7. zettabyte thread starter macrumors regular


    Jun 6, 2015
    Thanks Shamgar. Is the active power factor correction power supply that you have mentioned the piece that is a part of the OEM charger? Or its own separate unit? From what I understand the power that is fed to our home is a clean sine wave and most of our devices have a good amount of tolerance to deal with any corrections if necessary before the powers the unit.

    15 minutes is plenty...sounds great.
  8. Shamgar macrumors regular

    Jun 28, 2015
    Active PFC is a technology used in power supplies to improve efficiency in the power supply. Roughly speaking, it adjusts the incoming wave to optimize the conversion to DC and reduce wasted energy. Active PFC is used in many electronic devices these days (especially large computer power supplies) because of that improved efficiency. I don't know if it is used in any of your gear, but I would expect so these days.

    The power out of the wall in your house is a sine wave. Any power supply will readily handle typical fluctuations and provide clean DC power to your electronic device. The issue with a UPS is that it takes the AC power from the wall, but its battery operates with DC. So the UPS converts the AC input to DC to charge the battery. Then when powering from the battery, the UPS has to convert the battery's DC output back to the AC that the power supply in your electronics expects (which then converts to DC for the device itself - super awesome efficiency here.) It's that conversion back to AC power that causes the problem as cheaper UPSs will use a square wave instead of a sine wave, or stepped waves to loosely approximate a sine wave. That's what throws off power supplies with active PFC. A square wave UPS is providing something that the active PFC might not be able to work with to do its efficiency magic, and it just shuts off.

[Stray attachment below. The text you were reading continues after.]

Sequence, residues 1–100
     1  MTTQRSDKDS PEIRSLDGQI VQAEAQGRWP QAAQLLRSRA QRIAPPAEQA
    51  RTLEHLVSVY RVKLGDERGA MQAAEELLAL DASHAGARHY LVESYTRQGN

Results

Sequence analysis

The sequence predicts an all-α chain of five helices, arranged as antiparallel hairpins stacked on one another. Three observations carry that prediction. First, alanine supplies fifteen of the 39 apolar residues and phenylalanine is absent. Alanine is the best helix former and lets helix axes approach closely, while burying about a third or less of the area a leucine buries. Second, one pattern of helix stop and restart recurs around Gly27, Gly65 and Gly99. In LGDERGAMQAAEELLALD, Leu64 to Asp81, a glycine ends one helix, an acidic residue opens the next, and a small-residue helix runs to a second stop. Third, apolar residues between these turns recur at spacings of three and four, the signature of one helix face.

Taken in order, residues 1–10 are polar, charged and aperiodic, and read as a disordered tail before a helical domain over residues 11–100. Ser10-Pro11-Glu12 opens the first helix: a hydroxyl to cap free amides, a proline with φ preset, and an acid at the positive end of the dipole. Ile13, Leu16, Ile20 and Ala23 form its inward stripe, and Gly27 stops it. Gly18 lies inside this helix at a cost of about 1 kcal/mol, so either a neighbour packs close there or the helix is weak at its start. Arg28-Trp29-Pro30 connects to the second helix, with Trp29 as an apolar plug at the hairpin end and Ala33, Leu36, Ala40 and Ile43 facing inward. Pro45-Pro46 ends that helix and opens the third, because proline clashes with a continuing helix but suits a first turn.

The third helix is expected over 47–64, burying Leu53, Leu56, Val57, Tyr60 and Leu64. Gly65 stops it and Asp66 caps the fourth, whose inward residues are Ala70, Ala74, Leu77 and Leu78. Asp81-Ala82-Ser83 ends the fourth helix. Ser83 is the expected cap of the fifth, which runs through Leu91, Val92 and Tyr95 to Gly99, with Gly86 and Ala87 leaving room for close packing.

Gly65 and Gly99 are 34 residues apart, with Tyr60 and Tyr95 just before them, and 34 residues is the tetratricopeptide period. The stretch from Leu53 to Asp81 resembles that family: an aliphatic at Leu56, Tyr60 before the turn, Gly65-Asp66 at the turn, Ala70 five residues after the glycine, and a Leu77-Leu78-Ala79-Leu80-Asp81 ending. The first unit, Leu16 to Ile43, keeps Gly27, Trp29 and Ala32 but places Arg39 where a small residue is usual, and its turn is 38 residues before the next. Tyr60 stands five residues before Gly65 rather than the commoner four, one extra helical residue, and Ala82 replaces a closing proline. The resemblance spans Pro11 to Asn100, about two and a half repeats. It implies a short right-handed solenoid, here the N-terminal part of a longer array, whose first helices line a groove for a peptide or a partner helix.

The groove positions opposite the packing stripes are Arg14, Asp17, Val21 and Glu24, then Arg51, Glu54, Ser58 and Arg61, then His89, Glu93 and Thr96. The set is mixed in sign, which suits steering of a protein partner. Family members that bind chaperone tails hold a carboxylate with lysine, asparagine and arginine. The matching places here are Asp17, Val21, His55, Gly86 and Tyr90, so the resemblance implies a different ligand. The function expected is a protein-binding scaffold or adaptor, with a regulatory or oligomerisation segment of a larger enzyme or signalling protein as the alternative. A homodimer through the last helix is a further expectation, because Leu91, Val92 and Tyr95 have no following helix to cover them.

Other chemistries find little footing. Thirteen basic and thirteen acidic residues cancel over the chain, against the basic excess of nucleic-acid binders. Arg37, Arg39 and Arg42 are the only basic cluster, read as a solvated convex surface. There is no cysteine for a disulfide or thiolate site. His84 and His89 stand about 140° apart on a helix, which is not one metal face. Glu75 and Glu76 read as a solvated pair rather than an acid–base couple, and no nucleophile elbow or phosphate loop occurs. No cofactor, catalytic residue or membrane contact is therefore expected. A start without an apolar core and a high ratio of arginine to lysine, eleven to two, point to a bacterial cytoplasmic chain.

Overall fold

9. zettabyte thread starter macrumors regular


    Jun 6, 2015
    Awesome. Great explanation. Thanks a bunch!

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8 July 3, 2015